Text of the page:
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Are Safer Reactors Possible?

But was the escaped plutonium dangerous? The Guardian reported,

Masayoshi Yamamoto, a professor at Kanazawa University, said the level of plutonium in the sample was lower than average levels observed in Japan after nuclear weapons tests conducted overseas.

In conventional Light Water Reactors plutonium is produced inside fuel pellets. The fuel pellet is a ceramic and in almost every case the fuel plutonium will remain there. The only way the plutonium might escape the fuel pellet, would require that the reactor core overheat to such an extent that the ceramic fuel pellets start to melt. Once the plutonium escapes the fuel pellet, it faces a further barrier, the pressure vessel, which contains the reactor core inside a thick steel wall. If the plutonium managed to get past the wall of the pressure vessel, it would face one or more cement barriers, and then the forces of gravity as it pulled the plutonium to the outside grounds of the nuclear power plant. So how did the plutonium manage to travel a mile away from the Fukushima reactors? The answer is probably because it was ejected from the reactor building by a hydrogen explosion. More likely the plutonium was contained inside the spent fuel pellets that were housed in a pool above the Fukushima reactors. It is far from satisfactory that any plutonium managed to escape from the beyond the grounds of the Fukushima reactors, but in fact the amount that escaped was so tiny that it could do no harm.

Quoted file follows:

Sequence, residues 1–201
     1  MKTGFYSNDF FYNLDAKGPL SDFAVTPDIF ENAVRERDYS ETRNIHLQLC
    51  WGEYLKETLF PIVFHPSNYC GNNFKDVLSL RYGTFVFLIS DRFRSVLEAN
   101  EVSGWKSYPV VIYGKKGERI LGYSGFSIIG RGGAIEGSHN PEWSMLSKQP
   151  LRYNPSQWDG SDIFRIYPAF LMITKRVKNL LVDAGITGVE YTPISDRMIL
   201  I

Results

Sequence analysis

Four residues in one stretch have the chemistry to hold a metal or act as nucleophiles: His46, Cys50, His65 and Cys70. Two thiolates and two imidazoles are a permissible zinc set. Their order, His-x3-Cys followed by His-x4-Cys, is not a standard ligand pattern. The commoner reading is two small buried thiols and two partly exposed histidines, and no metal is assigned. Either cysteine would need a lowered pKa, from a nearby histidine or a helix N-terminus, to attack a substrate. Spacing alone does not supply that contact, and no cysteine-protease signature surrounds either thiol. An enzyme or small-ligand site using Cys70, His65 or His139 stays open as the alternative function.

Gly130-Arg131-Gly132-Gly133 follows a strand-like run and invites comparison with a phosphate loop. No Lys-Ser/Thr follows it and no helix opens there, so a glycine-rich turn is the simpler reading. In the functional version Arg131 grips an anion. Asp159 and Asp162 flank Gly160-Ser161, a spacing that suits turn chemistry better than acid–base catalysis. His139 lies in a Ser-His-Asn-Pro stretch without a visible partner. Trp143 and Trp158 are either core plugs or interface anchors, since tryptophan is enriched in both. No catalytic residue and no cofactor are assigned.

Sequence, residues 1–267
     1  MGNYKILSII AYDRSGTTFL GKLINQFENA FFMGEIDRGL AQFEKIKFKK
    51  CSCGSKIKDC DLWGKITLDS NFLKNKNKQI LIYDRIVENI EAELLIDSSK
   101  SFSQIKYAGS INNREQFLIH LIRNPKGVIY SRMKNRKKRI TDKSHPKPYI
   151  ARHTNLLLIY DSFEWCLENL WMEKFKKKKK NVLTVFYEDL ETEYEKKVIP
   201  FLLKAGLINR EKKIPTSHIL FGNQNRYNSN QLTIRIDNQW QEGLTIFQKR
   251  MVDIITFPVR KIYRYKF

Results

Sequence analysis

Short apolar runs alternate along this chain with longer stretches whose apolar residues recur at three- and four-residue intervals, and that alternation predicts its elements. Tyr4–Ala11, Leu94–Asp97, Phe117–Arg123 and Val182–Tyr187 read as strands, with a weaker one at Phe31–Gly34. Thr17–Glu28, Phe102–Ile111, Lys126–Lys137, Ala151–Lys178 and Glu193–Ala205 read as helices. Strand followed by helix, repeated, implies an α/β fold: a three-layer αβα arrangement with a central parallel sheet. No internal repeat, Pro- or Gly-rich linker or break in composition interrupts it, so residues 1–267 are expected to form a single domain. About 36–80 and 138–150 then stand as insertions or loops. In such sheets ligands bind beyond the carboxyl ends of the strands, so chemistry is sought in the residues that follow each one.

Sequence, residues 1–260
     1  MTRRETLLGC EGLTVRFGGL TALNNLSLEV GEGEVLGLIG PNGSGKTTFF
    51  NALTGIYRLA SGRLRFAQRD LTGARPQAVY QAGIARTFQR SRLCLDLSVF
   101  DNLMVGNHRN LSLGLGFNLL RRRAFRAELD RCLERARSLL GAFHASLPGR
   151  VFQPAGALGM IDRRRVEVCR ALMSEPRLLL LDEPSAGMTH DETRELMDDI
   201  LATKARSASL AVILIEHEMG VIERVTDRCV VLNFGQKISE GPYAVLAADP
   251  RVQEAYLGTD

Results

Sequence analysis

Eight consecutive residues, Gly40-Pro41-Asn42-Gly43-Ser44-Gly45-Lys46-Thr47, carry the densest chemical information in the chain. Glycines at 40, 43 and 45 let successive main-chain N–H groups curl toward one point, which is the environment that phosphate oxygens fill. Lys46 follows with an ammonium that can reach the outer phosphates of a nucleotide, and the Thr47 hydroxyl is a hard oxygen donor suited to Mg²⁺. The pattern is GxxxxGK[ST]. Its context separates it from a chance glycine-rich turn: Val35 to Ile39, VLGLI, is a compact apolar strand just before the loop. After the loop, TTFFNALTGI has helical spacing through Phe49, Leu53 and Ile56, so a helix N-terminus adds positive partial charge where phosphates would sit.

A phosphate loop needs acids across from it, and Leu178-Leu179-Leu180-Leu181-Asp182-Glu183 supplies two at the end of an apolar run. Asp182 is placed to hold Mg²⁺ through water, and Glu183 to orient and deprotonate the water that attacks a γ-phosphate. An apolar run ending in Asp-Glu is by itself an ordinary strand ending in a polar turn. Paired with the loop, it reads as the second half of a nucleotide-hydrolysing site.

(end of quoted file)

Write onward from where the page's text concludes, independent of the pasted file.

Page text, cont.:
So is there anyway, to insure that no plutonium ever escapes from a reactor core? Yes there is, in fact no plutonium can escape from a reactor if plutonium is not produced inside the core. But how is that possible? First while a lot of plutonium is produced in uranium fuel cycle reactors, less than 10% of that amount is produced in the thorium fuel cycle. A 1 GW LFTR would produce about 40 Pounds of Plutonium a year. If the goal is to minimize plutonium production this can be easily done. If the goal is to destroy plutonium, the presence of thorium in a reactor core facilitates the burning of plutonium. Finally if the goal is to produce no plutonium, then the use of fluid fuel thorium breeders (LFTRs) is highly recommended, because Neptunium-237, a plutonium predecessor isotope can be cleaned from a molten salt coolant before it can be converted from neptunium into plutonium by absorbing a neutron. Cleaning NP-237 from molten salt fluid is a relatively easy and low cost procedure. Once out of the LFTR core the neptunium can be destroyed in a burner reactor.

Thus if preventing the escape of plutonium from a reactor core is a major nuclear safety goal, designing molten salt thorium fuel cycle reactors that feature neptunium cleaning from core salts, would prevent the production of plutonium. If there is no plutonium production there can be no escape of plutonium.

Thus we have a choice of safety approaches to plutonium management, with the possibility of complete elimination of plutonium from waste stream a real possibility if it was desirable to do so. Total burn of plutonium would be yet another option.

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